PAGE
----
The Burke Museum is one of only four venues in the United States to have presented Toi Maori: The Eternal Thread, an exhibition celebrating Maori weaving. The exhibit highlights how the art form has developed, reasserted, and reinvented itself in recent years—from the finest traditional Maori kakahu (cloaks), kete (finely woven baskets), and whariki (floor mats), to outstanding contemporary pieces. Distinct from the better-known Maori arts of carving and ta moko (tattoo art), weaving is exclusively a women's art.

The Eternal Thread includes work from more than 40 Maori women artists from New Zealand who use their masterful weaving techniques to create beautiful and intricate objects. Loaned by the weavers themselves, the exhibit features nearly 100 pieces, ranging from magnificent feather and flax cloaks, to finely woven baskets, and outstanding pieces of contemporary fiber arts—woven from unusual materials such as emu bird feathers, copper, paper, and abalone shells.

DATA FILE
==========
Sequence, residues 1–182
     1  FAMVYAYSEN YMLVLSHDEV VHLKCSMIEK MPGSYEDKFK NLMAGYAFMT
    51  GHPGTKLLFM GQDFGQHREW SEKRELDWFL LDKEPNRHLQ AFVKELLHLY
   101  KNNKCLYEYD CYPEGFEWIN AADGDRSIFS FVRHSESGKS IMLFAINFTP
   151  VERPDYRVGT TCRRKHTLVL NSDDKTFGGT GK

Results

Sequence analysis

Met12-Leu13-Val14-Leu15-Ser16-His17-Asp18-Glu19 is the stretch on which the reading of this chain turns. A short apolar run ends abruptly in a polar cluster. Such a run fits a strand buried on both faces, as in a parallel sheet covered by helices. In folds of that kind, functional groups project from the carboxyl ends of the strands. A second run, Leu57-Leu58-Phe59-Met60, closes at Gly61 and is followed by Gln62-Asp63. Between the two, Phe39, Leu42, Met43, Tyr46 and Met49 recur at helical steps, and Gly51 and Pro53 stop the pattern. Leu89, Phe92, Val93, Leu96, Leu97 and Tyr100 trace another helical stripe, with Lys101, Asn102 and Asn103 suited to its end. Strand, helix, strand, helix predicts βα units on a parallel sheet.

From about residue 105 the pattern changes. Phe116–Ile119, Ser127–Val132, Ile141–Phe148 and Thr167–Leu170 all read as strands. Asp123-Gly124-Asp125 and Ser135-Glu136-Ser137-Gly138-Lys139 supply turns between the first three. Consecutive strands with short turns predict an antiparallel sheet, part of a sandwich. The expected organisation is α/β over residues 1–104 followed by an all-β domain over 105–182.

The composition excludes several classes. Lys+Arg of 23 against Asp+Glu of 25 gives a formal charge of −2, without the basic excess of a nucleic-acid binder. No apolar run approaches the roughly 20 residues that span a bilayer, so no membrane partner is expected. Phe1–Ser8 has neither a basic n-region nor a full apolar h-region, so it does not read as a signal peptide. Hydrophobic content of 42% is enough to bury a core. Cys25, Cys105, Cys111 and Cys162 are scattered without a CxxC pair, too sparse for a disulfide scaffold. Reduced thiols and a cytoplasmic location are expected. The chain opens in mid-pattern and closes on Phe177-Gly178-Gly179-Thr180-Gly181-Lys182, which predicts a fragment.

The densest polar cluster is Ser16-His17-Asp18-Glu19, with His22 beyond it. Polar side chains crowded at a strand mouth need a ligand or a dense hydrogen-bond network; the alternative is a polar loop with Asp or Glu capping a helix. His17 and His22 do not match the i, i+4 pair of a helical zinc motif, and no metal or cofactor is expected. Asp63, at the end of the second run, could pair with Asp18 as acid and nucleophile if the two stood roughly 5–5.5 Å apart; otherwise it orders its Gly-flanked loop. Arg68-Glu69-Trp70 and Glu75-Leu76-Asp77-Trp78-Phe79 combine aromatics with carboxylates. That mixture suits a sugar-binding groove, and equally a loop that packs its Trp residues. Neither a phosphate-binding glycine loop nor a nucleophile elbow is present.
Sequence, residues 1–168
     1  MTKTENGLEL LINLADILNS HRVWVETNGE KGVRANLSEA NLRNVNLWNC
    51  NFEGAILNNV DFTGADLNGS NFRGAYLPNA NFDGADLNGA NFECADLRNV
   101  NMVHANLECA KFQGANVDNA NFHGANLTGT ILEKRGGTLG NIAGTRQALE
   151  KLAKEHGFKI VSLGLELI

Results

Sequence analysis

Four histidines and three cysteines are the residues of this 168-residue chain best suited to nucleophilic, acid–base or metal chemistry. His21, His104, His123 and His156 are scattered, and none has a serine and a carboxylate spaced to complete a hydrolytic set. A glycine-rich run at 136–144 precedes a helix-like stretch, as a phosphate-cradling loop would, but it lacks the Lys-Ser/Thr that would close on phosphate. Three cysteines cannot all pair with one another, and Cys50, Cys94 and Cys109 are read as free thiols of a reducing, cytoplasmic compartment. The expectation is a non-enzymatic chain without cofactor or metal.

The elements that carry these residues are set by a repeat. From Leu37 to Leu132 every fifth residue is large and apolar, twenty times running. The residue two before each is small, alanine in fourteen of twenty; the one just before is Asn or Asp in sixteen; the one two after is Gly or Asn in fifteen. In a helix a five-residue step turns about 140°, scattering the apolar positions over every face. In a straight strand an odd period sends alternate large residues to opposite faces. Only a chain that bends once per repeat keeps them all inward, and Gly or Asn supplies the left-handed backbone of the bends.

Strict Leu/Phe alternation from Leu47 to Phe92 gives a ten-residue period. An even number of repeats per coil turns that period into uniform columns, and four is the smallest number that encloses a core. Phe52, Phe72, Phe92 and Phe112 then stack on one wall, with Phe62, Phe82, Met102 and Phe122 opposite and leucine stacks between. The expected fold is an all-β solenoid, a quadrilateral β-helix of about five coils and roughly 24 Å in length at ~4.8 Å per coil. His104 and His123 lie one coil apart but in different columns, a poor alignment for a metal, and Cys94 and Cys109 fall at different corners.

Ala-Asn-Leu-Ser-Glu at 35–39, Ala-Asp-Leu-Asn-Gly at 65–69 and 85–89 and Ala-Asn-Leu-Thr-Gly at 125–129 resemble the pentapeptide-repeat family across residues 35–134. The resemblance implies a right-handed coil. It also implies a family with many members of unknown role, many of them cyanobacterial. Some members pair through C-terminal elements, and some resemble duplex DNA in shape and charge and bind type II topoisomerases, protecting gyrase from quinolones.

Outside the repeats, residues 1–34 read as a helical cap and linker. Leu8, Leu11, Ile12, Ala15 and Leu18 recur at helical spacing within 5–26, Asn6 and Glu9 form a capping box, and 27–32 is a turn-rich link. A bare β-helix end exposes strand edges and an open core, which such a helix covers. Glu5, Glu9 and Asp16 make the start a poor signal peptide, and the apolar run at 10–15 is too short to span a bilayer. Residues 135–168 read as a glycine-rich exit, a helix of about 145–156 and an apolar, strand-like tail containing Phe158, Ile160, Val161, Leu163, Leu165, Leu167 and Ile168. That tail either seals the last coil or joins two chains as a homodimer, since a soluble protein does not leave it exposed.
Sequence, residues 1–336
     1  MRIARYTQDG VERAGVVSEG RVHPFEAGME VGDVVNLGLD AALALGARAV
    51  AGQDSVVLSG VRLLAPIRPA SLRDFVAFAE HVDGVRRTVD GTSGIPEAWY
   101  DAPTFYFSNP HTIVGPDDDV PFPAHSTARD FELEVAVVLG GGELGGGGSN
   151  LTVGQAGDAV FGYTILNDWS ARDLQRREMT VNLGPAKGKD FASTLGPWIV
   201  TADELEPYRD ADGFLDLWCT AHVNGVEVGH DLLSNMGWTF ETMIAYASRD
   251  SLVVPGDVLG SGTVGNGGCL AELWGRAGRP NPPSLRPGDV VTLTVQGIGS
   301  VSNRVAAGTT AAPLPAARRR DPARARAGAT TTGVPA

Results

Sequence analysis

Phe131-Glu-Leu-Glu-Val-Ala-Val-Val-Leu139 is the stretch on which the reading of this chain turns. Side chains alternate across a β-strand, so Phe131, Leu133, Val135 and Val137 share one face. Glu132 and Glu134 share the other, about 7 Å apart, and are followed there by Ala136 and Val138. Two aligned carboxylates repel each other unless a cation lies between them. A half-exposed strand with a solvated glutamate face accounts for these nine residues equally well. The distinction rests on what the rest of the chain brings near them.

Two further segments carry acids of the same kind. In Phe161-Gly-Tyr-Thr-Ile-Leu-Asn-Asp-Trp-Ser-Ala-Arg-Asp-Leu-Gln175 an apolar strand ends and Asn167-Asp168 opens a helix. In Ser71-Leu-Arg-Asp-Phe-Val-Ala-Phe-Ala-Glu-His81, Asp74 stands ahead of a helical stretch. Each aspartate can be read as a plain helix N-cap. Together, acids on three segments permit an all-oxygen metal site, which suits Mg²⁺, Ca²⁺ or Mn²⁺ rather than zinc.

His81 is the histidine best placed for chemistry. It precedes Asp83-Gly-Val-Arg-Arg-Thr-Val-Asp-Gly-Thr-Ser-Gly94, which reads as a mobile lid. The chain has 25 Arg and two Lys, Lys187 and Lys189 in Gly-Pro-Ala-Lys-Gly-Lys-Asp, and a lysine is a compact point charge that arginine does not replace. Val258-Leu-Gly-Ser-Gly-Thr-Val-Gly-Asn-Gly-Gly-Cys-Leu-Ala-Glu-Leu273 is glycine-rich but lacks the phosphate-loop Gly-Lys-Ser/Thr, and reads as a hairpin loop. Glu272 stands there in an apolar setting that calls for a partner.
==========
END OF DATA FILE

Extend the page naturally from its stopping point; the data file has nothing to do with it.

The Maori are the indigenous people of New Zealand. The cloaks and other woven arts created by Maori women are a reflection of their deep sense of spiritual connection to their history, to the land, to their ancestors, and their acknowledgment of the importance of all living things. While Maori oral history holds that they have been on the land from the beginning of time, contemporary research suggests they arrived by boat more than 1,300 years ago, after thousands of years journeying throughout Asia and the South Pacific.

The weaving of cloaks includes both prayer and ceremony as well as high artistic skill. A single cloak may take two years to weave and a lifetime to learn the techniques and rituals. Contemporary artists have begun to use non-traditional materials such as film strips and copper wire, in addition to natural fibers. The exhibit includes some innovative contemporary works as well as traditional.

The Eternal Thread was organized by the Pataka Museum of Arts and Culture in partnership with Toi Maori Aotearoa and Te Roopu Rananga Whatu o Aotearoa (the Maori weavers' collective) of New Zealand.